Since July 2005, when Django was open-sourced, Jacob Kaplan-Moss and I have been the two Benevolent Dictators For Life (BDFLs) of the project. Today we’re both retiring from our formal BDFL roles, given that (1) we don’t have the time for it that we once had and (2) Django is in great shape with a vibrant community of contributors.
A BDFL, a term originally used by Python creator Guido van Rossum, is basically a leader of an open-source project who resolves disputes and has final say on big decisions.
In the early days, circa 2004-2008, Jacob and I had to make a fair amount of decisions, and we spent a ton of time promoting the framework, fixing bugs and adding features. Over the last few years, the codebase has stabilized tremendously and many fantastic developers from around the globe have joined the effort, contributing code, writing documentation, helping with process (bug triage, managing releases), publishing books/tutorials, holding conferences and organizing user groups. It’s an incredibly healthy, friendly and diverse open-source project/community!
At the same time, I’ve gotten a development “life” outside of Django. In the old days, I’d spend basically all of my free time improving Django — I considered it my baby, and it would be entirely fair to call it an obsession. Then, in 2007, I founded EveryBlock and found myself with a new baby, a young Internet company.
For the last year, I’ve been building Soundslice, a modern approach to sheet music and guitar tabs that I’ve wanted to exist for a long time. Soundslice has become the thing that I’m constantly thinking about and writing code for, from morning into late hours of the night. (And I’m very comfortable with that. I’ve always seen Django as a means to an end — building great web products. I’m skeptical of anybody who builds frameworks for the sake of building frameworks.)
So, given that I can’t give Django the time that it deserves, it wouldn’t be fair to continue as BDFL. At best, it’d be phony for me to keep calling myself that; at worst, it’d be doing a disservice to the framework by slowing down our decisionmaking processes and setting a tone of complacency.
If you’re a Django user, though, have no fear. Honestly, this title seems like a big change “on paper,” but in reality it won’t change much. I haven’t been deeply involved in day-to-day development of Django in quite a while, and I think Jacob would say the same thing — so, if anything, this change in titles just makes official what had already been happening. I suspect nothing major will change in the Django community, except maybe some committers will feel emboldened to build great new stuff. (But please, no more Django Pony. It’s stupid.)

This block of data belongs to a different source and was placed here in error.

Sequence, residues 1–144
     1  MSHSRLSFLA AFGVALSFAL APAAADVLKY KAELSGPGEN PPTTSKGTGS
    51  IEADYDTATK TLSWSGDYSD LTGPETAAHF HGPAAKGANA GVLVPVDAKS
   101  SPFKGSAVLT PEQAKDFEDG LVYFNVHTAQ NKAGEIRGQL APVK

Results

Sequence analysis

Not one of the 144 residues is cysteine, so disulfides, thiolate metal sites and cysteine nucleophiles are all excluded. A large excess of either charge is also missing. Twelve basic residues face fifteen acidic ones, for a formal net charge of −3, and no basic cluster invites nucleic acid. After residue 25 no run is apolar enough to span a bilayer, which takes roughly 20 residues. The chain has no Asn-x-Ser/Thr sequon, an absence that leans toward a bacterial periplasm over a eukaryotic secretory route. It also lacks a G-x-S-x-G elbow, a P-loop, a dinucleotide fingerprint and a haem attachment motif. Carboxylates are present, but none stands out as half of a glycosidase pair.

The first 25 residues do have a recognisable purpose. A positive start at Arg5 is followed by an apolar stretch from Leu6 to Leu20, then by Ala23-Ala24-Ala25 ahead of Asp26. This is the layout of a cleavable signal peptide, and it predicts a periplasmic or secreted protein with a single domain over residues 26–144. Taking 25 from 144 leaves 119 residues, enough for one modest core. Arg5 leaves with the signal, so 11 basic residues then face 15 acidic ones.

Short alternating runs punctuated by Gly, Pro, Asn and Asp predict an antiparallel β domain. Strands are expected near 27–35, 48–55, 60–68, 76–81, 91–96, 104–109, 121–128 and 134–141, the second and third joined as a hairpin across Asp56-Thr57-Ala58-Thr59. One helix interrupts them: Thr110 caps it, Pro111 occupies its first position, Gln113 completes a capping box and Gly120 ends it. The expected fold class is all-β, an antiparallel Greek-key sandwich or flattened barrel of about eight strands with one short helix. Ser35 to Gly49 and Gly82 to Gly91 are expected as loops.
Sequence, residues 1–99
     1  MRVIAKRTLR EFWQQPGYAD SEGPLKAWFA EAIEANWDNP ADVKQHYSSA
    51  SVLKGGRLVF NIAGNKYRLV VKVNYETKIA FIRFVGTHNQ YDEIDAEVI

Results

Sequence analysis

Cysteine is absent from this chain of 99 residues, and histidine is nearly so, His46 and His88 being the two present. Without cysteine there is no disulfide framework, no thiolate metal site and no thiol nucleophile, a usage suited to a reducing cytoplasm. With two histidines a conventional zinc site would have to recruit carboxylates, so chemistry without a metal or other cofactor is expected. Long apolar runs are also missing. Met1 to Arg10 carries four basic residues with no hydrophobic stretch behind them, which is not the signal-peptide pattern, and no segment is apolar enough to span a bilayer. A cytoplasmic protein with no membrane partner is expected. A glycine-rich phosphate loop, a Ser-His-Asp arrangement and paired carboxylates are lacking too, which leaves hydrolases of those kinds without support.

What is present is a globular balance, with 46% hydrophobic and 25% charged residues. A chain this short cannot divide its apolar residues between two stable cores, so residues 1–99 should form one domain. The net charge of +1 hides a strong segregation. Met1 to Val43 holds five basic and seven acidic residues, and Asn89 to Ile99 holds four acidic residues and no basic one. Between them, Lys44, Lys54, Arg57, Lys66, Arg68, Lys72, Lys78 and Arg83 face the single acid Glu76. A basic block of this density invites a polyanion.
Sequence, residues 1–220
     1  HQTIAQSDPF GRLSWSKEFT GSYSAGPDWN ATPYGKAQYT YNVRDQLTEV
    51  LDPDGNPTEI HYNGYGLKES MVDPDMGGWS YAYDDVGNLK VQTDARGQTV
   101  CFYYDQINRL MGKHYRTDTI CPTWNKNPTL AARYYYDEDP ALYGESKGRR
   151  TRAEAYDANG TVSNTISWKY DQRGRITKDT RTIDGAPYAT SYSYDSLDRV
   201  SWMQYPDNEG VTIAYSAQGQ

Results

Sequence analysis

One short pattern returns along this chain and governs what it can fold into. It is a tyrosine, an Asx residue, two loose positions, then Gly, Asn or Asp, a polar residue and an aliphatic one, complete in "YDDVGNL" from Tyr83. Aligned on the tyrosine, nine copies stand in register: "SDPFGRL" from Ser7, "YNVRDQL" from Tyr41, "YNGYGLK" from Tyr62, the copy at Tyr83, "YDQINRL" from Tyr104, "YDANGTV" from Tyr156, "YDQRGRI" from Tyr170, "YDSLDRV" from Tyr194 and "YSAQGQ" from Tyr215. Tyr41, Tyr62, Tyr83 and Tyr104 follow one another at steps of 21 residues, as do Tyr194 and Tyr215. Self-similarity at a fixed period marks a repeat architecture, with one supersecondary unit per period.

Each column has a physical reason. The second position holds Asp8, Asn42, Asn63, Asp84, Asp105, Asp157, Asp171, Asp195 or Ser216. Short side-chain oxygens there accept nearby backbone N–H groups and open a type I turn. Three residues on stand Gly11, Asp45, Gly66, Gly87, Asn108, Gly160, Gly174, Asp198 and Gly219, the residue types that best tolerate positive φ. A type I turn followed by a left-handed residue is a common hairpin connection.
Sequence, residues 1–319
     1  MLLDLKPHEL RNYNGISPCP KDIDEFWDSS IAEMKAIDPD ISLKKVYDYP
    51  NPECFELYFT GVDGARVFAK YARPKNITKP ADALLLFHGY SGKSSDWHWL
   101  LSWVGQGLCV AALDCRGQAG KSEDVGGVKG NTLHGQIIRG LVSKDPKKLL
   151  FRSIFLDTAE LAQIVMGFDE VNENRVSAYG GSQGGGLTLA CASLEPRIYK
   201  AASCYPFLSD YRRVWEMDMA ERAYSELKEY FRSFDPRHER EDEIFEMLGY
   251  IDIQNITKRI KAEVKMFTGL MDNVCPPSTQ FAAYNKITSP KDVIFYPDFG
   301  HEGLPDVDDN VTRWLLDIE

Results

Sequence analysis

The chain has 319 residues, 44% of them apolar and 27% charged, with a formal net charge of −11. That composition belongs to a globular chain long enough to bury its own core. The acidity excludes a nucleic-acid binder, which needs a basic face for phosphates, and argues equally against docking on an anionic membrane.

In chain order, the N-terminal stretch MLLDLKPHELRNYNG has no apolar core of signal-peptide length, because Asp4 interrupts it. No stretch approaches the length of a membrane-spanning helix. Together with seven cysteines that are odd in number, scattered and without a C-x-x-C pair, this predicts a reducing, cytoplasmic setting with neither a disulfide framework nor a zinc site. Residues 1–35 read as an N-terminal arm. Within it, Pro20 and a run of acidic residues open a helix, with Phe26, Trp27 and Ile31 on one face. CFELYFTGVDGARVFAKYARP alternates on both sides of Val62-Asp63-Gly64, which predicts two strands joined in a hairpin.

I’ll still continue to contribute to Django as I find things that it doesn’t do that I want it to do. And of course I continue to use it in building web apps. It’s been a fun ride as co-BDFL, and I’m looking forward to Django’s next chapter.
UPDATE: Here’s Jacob’s post about it.
Posted by Dan Seaman on January 13, 2014, at 3:40 p.m.:
Thank you for all your efforts. You have made the web a better place.
Posted by Zach Freeman on January 13, 2014, at 4:10 p.m.:
Thanks for all of your efforts. I've really enjoyed learning Django!
Posted by Kai on January 13, 2014, at 4:13 p.m.:
Many thanks for stewarding Django for so many years. It's hard to imagine now, but back in the mid-2000's, there was a real lack of web frameworks one would willingly program in long-term: Perl was unmaintainable, PHP a design mess, Java a nightmare of boilerplate and enterprise overhead, and RoR came in a language inferior to Python in readability and libraries, not to mention the uninspiring community. Then came Django: well-designed, clearly covering key use-cases in web dev, with a community of humble, skilled, and friendly pragmatists, and above all, superbly documented. So thank you, and all the best going forward!
Posted by Derrick R. on January 13, 2014, at 4:16 p.m.:
Thanks to you both for your contributions, the community will certainly miss you guys.
Posted by Jaimin on January 13, 2014, at 4:26 p.m.:
Thanks for the contribution, and good luck!
Posted by Jim on January 13, 2014, at 5:04 p.m.:
Thanks! Especially for the comment about the Pony.
Posted by Luke Jernejcic on January 13, 2014, at 5:11 p.m.:
I just want to say thanks for all the time and blood and sweat that you have put into the framework and we are all very grateful for it. You guys have helped build something amazing. I wish you the best as you commit more to your own business(es).